Oliver Stone has earned his reputation as a controversial film maker; from the violence of war in Platoon to spurious conspiracy claims in JFK, and Wall Street is no exception. Some call it anti capitalist or plain Marxist, I don't. For me, I look at the ending and see the consequences of dishonesty. Stone brings about a negative twist to the world which I have seen with my own eyes. No one ever said it was perfect, and those who say it is all bad are just plain wrong. And no film ever showed that better than Wall Street.
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Often imitated, never surpassed, "Wall Street" is a stylish, intoxicating, stunning embodiment of an era when anybody could carve his way to the very top of American society by ruthless ambition and sheer determination; it was true when it was made, and it is possibly even more true today with the current economic gloom.
"The main thing about money, Bud, is that it makes you do things you don't want to do".
Gekko: "If somthing's worth doing it's worth doing for money. I'm talking liquid. Enough money to have your own jet. Enough money not to waste time. Fifty, one hundred million dollars. A player."
So strap on your braces, slick back your hair, light up an Esplendido and fire up the DVD player---money never sleeps, pal.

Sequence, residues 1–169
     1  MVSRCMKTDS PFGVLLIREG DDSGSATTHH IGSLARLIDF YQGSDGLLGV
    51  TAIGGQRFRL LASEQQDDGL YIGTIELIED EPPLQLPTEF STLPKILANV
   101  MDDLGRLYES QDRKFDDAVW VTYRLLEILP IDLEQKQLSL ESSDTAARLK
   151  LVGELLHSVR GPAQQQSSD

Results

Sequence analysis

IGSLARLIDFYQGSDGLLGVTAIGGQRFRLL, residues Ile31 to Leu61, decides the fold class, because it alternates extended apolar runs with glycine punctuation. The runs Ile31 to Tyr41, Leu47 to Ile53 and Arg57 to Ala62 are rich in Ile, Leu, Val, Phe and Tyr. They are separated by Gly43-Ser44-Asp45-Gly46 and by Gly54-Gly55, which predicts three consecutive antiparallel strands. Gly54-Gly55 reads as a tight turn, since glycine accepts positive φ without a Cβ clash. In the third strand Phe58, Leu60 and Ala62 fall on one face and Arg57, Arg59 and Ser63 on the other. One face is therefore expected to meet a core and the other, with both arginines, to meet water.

Just another great film by a great actor.
Like in so many of his films, and like his father, Kirk, makes acting look so effortless and natural.
As for the movie 'Wall Street', I found it intriguing and fascinating in the way that greed for money and the desire to make more can change a persons personality beyond recognition.
The way the movie portrays the world of stockbroking is mind blowing. how these people thrive on it I'll never know.
Excellent movie, the sequel "Wallstreet - Money never Sleeps" is good too.
and it toys with morality in a sort of adult children with fangs way, who choose greed, and power over fairness, and decency...
But it's never all bad.
dilivery a bit slow. Took over a week to get to me so slightly disapointed in service regarding that, but at least I got it!